Developing the ASEAN Regional Road Safety Strategy
Keywords: Road Safety Across Cultures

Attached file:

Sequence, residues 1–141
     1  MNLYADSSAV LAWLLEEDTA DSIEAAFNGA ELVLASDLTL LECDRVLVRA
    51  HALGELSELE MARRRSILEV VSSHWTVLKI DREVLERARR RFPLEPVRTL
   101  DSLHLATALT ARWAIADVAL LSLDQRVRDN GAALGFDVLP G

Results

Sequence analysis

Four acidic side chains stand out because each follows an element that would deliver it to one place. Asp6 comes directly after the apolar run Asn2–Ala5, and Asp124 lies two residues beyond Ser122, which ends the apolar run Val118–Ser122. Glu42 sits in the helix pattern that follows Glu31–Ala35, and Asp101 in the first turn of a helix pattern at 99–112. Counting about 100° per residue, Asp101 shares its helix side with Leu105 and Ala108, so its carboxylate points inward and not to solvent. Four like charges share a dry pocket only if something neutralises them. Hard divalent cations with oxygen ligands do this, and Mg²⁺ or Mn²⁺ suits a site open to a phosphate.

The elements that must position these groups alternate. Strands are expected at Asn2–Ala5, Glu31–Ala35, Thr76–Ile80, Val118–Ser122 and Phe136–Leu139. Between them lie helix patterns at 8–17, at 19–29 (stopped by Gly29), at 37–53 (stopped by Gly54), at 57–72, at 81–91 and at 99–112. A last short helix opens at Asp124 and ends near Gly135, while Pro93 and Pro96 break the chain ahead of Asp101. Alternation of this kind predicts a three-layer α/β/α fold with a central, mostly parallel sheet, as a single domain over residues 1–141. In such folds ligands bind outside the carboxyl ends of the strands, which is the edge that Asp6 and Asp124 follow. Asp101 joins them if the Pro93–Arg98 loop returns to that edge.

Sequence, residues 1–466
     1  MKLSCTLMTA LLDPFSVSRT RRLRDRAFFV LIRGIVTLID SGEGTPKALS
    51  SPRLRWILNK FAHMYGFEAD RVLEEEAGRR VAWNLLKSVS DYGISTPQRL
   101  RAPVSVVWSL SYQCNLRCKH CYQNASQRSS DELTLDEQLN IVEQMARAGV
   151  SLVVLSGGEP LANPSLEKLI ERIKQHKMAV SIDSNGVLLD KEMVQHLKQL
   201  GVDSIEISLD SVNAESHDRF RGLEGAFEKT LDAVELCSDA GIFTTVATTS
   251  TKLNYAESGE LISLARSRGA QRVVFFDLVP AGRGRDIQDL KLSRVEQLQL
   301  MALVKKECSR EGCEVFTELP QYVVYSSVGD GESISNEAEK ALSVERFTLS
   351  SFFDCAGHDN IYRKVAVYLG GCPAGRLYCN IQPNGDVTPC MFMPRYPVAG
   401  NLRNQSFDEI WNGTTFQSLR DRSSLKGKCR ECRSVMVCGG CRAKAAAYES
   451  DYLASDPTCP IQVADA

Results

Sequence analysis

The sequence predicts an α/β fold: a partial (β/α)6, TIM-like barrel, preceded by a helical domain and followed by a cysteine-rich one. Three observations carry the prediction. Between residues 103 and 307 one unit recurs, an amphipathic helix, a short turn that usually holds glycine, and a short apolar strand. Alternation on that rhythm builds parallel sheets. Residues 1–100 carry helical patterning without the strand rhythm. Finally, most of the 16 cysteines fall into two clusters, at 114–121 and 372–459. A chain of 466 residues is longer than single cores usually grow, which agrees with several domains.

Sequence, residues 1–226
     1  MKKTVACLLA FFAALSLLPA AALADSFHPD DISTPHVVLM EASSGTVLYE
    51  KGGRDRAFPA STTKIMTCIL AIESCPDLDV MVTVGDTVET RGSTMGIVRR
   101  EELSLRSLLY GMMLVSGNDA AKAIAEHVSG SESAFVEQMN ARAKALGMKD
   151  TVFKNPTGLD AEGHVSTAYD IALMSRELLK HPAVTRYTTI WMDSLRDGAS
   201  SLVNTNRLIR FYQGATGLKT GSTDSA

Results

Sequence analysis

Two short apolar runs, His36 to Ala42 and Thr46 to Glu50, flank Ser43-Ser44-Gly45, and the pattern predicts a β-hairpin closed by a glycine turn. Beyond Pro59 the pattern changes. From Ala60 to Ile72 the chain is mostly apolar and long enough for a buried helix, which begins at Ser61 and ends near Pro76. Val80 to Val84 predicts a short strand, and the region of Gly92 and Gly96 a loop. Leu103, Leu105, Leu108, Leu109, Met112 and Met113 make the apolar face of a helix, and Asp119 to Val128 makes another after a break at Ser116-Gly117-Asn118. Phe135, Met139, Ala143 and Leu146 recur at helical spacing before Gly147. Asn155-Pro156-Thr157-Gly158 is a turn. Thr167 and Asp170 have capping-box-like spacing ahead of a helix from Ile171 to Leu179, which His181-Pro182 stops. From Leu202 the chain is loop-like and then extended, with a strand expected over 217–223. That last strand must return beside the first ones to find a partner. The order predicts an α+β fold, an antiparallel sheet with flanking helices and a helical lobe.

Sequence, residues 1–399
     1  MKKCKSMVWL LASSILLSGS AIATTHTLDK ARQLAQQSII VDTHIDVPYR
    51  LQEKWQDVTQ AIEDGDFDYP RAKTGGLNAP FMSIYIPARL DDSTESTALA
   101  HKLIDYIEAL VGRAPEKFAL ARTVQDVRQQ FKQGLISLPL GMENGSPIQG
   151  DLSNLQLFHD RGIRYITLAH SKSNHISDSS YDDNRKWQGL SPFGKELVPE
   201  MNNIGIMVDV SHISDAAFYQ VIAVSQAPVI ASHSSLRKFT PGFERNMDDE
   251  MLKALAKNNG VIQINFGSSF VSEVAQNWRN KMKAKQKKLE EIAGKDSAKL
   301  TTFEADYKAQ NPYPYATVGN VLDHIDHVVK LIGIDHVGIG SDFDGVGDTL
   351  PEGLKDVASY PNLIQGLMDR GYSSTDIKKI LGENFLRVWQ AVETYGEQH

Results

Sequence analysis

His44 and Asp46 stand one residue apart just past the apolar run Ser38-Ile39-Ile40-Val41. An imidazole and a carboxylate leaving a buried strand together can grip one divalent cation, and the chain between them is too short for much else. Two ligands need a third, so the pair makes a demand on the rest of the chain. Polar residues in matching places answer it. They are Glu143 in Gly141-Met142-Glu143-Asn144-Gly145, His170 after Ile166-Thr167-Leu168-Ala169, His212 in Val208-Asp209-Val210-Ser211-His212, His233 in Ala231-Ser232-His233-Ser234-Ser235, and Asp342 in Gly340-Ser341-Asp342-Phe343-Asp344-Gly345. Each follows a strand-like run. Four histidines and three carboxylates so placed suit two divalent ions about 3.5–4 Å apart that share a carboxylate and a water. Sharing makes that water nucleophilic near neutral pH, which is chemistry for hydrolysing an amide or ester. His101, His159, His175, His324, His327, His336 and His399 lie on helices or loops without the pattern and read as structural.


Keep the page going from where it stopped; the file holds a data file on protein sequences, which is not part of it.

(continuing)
In 2011, more than 75,000 people died in road crashes in the ten member countries of the Association of South East Asian Nations (ASEAN) and many times this number sustained long term injuries. Improving road safety outcomes in ASEAN is not only important for the welfare and economic benefit of these countries, but given that a significant proportion of the world’s population lives in ASEAN, it will strongly influence whether the aims of the United Nations Decade of Action for Road Safety and the Sustainable Development Goals are reached. For this reason, the Asian Development Bank, funded by the Japan Fund for Poverty Reduction, has funded a package of action to improve road safety in ASEAN, including the development of a regional road safety strategy. The diversity of the member nations of ASEAN poses significant challenges for the development of the strategy. For example, the road fatality rates per 100,000 population in Malaysia and Thailand are about 5 times greater than in Singapore. In addition, the importance of particular road safety issues varies across the ASEAN countries and for countries which are undergoing rapid motorization, the order of importance may change over the life of the strategy. The development of the ASEAN Regional Road Safety Strategy has adopted the five pillars of road safety of the UN Decade of Action but focused on those aspects which are most relevant at the regional level and where a regional approach will support and facilitate actions taken by individual countries.